Southern Baptists are not often known for their practicality, especially when it comes to public policy. Perhaps that is changing.

Recently, Richard Land, head of the Southern Baptist Convention’s public policy arm, partnered with 10 or so leaders from the Religious Right in encouraging President Obama to give a speech on immigration. They called for a speech of the oratorical magnitude of the President’s statement on race during the election race. On July 1 President Obama gave that speech and Land’s response to it was hopeful and supportive of what he believes are bipartisan efforts by the president. Though many of Land’s policy positions are smack-dab on the right of conservatism, he advocates for immigration reform that flies in the face of Arizona-style detain-and-deport policy: Land wants both secure borders and new pathways to obtaining legal status and even citizenship.

His reasoning? “If the new conservative coalition is going to be a governing coalition,” Land told NPR last week, “it’s going to have to have a significant number of Hispanics in it, that’s dictated by demographics, and you don’t get large numbers of Hispanics to support you when you’re engaged in anti-Hispanic immigration rhetoric.”

Back in 2006, Southern Baptists passed a Resolution on the Crisis of Illegal Immigration that speaks to Land’s concerns of border security and exploitation of undocumented people living and working in the U.S., but it said little about how to achieve change. The Resolution calls for both government prosecution of employers who hire undocumented workers and also encourages Southern Baptists to start English classes on a “massive scale” — solutions that neither address root causes of undocumented immigration nor propose viable long-term reform. What’s different between that resolution and Land’s current lobbying is the reasoning behind it. The resolution cited scripture about caring for the foreigner and helping anyone in need of assistance, which resulted in murky rhetoric that could be read as pro-immigrant or anti-immigrant, depending on the reader’s political perspective. Instead of focusing on scripture, Land cites demographics and history.

Richard Land doesn’t mince words when he speaks about historical anti-immigration policies aimed at Italians and the Irish – he doesn’t hesitate to admit those were both losing campaigns. Within Evangelicalism, Hispanics are a growing population, and Land told one reporter, “I don’t want to come back here 15 years from now and apologize to Hispanics.” At least in his public speeches, it’s history not scripture that has convinced Land to welcome Hispanics, especially Southern Baptists, and to advocate for their needs. After all, that’s his job.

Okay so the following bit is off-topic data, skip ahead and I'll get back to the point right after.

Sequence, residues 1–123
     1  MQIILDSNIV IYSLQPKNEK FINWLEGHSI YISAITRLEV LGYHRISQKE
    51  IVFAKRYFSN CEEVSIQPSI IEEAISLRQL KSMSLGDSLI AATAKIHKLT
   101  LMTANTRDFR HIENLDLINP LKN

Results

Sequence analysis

But it’s also more than a job. It doesn’t take long to understand that Land’s position goes much deeper than his paycheck, and empathy makes all the difference. It’s likely that Land knows families who do not have legal immigration status. It is also likely that Land has sat next to an undocumented person in a pew or shared the Lord’s Supper with someone whose Green Card had expired. I’m speculating here, but Land’s earnestness comes from a place that understands, or has tried to understand, the struggles of those for whom he advocates.

I speculate, because I spent my first 18 years attending Southern Baptist services on Sunday mornings, Sunday nights, and often weeknights, too. The Southern Baptists dunked me in a pool of water when I wanted to be baptized. The Southern Baptists gave me a primer in geography and cross-cultural differences through our annual foreign missions fundraiser. While many of the people within my church community were not interested in politics-at-large, they knew that if someone was sick, the best thing to do was to bring dinner to the infirmed. And now, as our country decides what is to be done with the millions of underpaid, undocumented workers (and some non-workers) who have crossed our borders, Southern Baptists like Land are saying that they aren’t criminals, but neighbors. In some cases they are members of our congregations. We can’t just deport them and wash our hands clean.

Once Southern Baptists are convinced of an issue’s practicality in preserving the way of life they know best, they aren’t afraid to get their hands dirty. For years, the U.S. has watched the fervor with which the Religious Right, including hoards of Southern Baptists, have expressed on issues like abortion and same-sex marriage. This sort of fervor is fitting for a group of people who believe that once a person makes a decision, whether that decision is to become a Christian or to advocate for undocumented members of a congregation, the next logical step is immersion. Southern Baptists have their strategy down: first, minister to the people most affected by an issue through practical services like crisis pregnancy centers and English classes; then, send Richard Land to Washington.

 
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Jessica Belt

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